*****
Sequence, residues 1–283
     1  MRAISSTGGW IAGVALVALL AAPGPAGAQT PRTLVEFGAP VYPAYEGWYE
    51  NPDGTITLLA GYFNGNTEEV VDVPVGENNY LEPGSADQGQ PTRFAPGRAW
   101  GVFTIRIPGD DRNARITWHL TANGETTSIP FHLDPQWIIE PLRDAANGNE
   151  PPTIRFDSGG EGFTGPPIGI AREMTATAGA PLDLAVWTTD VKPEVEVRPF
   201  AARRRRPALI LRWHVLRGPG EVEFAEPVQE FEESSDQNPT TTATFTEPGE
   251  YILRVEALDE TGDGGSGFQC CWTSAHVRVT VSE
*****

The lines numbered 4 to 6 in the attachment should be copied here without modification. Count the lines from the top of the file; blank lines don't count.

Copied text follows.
   101  GVFTIRIPGD DRNARITWHL TANGETTSIP FHLDPQWIIE PLRDAANGNE
   151  PPTIRFDSGG EGFTGPPIGI AREMTATAGA PLDLAVWTTD VKPEVEVRPF
   201  AARRRRPALI LRWHVLRGPG EVEFAEPVQE FEESSDQNPT TTATFTEPGE